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Bathroom scale to shipping scale

Bathroom scale to shipping scale

In my small business I needed to weigh medium to large items and boxes on a floor scale for shipping. Rather than pay way too much for an industrial model, I used a digital bathroom scale. I found it to be close enough for the rough accuracy I required when over 15lbs (7kg), as well it measures up to 330lbs (150kg). Way more than I can lift.

I was frustrated because the display was always hidden under the item I weighed. Sure the result locked in but only if you got lucky, blindly timing it right and quickly moving the box after.

Convert an Electronic Bathroom Scale Into A Shipping Scale for <$1 - Link

12 thoughts on “Bathroom scale to shipping scale

  1. Paul Johnson says:

    Bathroom scales aren’t legal for trade purposes, though. Good luck getting that one certified by your state’s standards bureau (or paying the fine for using that scale for trade without the certification).

  2. Dirkus says:

    Actually, most couriers such as fedex and UPS suggest zeroing out a bathroom scale, then weighing yourself, then weighing yourself while holding the package, then taking the difference to estimate the weight for shipping. This simply takes the middle man out of the equation.

  3. Max says:

    Wouldn’t a scale only need to be regulated if it’s used to compute prices or amounts for third parties? For instance, measuring the weight of the goods you’re selling so when you say you’re selling ten pounds you are. I can’t imagine that saying, “hey, I wonder how much cash I have to put in my wallet before I go to FedEx, let’s use that bathroom scale” would be illegal.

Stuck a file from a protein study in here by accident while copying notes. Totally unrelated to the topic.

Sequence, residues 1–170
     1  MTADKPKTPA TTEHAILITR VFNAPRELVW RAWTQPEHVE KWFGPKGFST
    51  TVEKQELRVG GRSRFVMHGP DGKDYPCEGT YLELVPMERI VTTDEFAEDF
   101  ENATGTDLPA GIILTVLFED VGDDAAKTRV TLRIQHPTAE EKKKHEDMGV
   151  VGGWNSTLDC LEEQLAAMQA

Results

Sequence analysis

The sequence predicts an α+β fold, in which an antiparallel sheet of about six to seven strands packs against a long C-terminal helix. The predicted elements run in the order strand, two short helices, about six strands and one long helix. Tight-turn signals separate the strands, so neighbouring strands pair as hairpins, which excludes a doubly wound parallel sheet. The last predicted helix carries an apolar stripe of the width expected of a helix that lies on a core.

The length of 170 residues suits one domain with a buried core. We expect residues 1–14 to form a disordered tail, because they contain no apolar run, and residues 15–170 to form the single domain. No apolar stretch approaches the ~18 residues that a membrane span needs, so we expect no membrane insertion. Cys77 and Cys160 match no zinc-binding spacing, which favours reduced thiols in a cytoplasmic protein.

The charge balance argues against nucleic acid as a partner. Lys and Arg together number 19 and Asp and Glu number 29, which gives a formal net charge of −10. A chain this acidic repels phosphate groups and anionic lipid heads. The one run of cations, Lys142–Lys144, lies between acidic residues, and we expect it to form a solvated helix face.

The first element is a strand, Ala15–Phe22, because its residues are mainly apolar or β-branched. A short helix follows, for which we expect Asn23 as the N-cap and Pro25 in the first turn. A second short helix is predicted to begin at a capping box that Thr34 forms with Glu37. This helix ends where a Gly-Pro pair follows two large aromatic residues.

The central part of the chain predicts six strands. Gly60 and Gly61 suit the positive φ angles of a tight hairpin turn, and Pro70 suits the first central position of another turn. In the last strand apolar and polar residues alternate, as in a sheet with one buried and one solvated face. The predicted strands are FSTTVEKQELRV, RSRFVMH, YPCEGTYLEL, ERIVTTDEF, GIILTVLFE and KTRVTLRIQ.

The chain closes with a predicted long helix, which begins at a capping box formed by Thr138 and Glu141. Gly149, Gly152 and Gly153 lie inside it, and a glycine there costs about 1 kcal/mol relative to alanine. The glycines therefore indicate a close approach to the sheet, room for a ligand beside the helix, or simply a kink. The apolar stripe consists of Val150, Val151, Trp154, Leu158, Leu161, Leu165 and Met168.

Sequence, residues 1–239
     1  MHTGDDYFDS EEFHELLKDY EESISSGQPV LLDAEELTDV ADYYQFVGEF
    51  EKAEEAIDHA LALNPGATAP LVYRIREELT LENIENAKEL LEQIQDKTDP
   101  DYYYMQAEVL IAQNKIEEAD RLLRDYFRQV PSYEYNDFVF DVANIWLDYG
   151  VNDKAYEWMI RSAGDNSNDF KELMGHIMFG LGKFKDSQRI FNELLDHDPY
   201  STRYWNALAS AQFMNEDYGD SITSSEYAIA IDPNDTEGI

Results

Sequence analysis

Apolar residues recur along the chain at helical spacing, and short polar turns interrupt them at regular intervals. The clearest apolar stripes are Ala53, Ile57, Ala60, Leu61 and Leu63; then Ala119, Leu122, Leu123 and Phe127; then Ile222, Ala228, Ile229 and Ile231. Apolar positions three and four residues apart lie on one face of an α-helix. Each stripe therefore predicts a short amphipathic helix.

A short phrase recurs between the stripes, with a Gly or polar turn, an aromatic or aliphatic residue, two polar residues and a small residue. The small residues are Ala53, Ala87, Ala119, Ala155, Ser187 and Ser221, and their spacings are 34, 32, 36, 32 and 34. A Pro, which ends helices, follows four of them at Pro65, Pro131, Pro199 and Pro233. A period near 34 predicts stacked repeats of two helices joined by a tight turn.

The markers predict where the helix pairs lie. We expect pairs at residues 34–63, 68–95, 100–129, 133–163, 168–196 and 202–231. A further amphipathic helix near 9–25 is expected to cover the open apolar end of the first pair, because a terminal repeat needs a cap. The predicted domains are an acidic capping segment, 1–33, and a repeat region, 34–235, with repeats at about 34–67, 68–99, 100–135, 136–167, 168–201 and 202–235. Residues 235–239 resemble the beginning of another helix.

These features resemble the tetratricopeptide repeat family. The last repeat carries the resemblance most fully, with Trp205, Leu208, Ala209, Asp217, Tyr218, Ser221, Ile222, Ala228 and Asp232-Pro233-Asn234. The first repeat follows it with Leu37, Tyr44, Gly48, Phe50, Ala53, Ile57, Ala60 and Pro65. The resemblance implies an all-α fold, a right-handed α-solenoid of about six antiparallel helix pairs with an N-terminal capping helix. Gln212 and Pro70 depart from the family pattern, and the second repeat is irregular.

I have no idea at all, but I always assumed that the purpose of standard weights and measures was to prevent fraud not protect busniess from using faulty data for their own decisions. What does the law say?

  4. Phil says:

    I saw the picture before reading the words, and thought this was going to be a way to see your weight when you’re too fat to see past your own gut…

    Was glad to see that it had a more sensible motivation. Or maybe the “parcels” story is just an excuse :-)

  5. Paul Johnson says:

    Never mind bathroom scales aren’t legal for trade.

  6. Max says:

    Yes, we heard that. To summarize, I asked what does “legal for trade” mean?

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Gareth Branwyn is a freelance writer and the former Editorial Director of Maker Media. He is the author or editor of over a dozen books on technology, DIY, and geek culture. He is currently a contributor to Boing Boing, Wink Books, and Wink Fun. And he has a new best-of writing collection and “lazy man’s memoir,” called Borg Like Me.

View more articles by Gareth Branwyn
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